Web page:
Harrow Court: Colleagues weren’t there’

A FEMALE firefighter told the inquest yesterday (Wednesday) of the events that led to her losing two colleagues. Temporary leading firefighter Helen Antrobus of Blue Watch at Stevenage Fire Station was in command of the first fire appliance to reach the i

A FEMALE firefighter told the inquest yesterday (Wednesday) of the events that led to her losing two colleagues.

Temporary leading firefighter Helen Antrobus of Blue Watch at Stevenage Fire Station was in command of the first fire appliance to reach the incident.

She recalled reading a teleprinter message - fire at Harrow Court, 15th floor, flat 89. Within a few minutes, she and the two firefighters who were to perish in the blaze had reached the incident only to discover it was on the 14th floor in flat 85.

Miss Antrobus told the inquest: "As we drove to the incident I could see smoke at high level. My first thought when we arrived was to get the equipment nearer the fire point. Jeff and Mike had breathing apparatus on and we went up to the 14th floor by lift. In the lift, I noticed Jeff had not brought his helmet so I gave him mine. "I had spoken to a man in the lobby who said the fire was in flat 85, not 89. I decided Jeff and Mike should make an action plan to break in. I then went up the corridor to sort out the water at the dry riser on the south staircase which is a protected stairwell.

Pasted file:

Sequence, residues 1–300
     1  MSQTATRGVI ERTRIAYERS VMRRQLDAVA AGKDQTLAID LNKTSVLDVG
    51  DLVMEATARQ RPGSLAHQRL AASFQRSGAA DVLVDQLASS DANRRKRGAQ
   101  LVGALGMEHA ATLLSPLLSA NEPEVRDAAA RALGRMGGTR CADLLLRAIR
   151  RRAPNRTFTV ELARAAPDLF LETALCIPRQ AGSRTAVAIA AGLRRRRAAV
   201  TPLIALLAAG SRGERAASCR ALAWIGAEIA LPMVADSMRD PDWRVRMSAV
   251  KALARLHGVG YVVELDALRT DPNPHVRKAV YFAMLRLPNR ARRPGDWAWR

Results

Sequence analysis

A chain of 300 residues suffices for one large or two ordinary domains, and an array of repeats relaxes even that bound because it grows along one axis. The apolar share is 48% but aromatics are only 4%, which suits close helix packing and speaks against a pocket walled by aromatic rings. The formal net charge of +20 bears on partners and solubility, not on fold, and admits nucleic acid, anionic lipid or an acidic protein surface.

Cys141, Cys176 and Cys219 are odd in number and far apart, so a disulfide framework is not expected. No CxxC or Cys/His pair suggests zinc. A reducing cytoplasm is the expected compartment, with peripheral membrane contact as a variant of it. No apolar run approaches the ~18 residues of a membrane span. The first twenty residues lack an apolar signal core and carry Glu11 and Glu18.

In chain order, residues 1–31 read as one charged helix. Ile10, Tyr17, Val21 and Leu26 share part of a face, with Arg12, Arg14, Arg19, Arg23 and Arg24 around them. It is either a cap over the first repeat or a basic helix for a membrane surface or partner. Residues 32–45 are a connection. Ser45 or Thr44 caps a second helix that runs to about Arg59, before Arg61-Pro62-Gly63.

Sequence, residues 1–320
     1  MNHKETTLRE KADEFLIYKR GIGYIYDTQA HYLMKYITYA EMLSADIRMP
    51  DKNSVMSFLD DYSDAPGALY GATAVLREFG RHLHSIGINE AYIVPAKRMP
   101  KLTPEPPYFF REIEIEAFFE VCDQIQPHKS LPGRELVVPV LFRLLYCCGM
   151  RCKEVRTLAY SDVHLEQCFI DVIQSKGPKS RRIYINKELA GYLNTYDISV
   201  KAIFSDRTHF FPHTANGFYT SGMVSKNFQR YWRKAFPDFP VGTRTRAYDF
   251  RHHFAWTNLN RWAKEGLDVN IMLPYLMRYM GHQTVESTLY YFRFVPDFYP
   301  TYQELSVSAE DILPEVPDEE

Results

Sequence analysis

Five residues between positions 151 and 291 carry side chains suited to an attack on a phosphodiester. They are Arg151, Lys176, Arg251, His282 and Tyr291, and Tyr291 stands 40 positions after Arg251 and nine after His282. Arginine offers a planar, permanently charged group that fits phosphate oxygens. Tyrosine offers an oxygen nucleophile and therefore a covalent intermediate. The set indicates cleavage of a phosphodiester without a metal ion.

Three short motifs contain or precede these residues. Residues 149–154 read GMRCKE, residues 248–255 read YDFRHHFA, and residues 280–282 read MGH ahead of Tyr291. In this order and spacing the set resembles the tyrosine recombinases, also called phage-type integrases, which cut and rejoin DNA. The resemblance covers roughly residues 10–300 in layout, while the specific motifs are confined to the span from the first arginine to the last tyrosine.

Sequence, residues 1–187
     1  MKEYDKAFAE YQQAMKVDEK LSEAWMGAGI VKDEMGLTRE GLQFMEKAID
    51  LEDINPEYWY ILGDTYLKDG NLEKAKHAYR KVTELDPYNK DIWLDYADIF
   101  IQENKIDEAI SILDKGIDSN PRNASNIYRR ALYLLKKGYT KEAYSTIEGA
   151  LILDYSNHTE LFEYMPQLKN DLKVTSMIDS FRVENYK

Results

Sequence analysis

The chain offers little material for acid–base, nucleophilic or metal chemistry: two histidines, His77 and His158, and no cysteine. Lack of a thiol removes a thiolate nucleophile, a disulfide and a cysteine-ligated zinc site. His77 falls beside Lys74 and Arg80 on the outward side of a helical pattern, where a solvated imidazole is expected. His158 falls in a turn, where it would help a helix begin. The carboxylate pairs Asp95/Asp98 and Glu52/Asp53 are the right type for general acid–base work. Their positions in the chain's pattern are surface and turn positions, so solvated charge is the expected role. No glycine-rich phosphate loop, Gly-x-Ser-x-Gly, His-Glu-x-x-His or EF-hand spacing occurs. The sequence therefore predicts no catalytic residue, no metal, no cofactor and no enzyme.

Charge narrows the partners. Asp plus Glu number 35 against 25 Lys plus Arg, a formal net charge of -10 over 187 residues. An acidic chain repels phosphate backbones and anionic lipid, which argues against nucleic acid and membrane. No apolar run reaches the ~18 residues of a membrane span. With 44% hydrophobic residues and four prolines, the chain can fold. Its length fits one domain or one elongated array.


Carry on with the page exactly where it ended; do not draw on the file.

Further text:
"I found it chained and we needed to get water established quickly. I ran the hose back to the flat and suddenly realised things had changed dramatically.

"The area was filled with smoke and Jeff and Mike weren't there.

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"It was then that I realised they had gone in. The door might have been ajar but I could not see flames. I was on my knees because of the smoke and I went back to the dry riser and told control Jeff and Mike had gone in."

Miss Antrobus then said she saw Mr Savage covered from head to toe in soot who told her: "My girlfriend is in there."

By this time she had been joined by several colleagues. She recalled: "Simon Dredge and Jim Dudley both came flying through the flat door shouting they couldn't get to them."

Earlier Justin Lewis of the government's forensic science service told the inquest he was certain the fire had been started by tea light candles being left burning on the top of a TV. He also said there was no electricity in the flat which meant the smoke alarm was not functioning.

He added that the remains of the alarm had been found but did not contain a back up battery.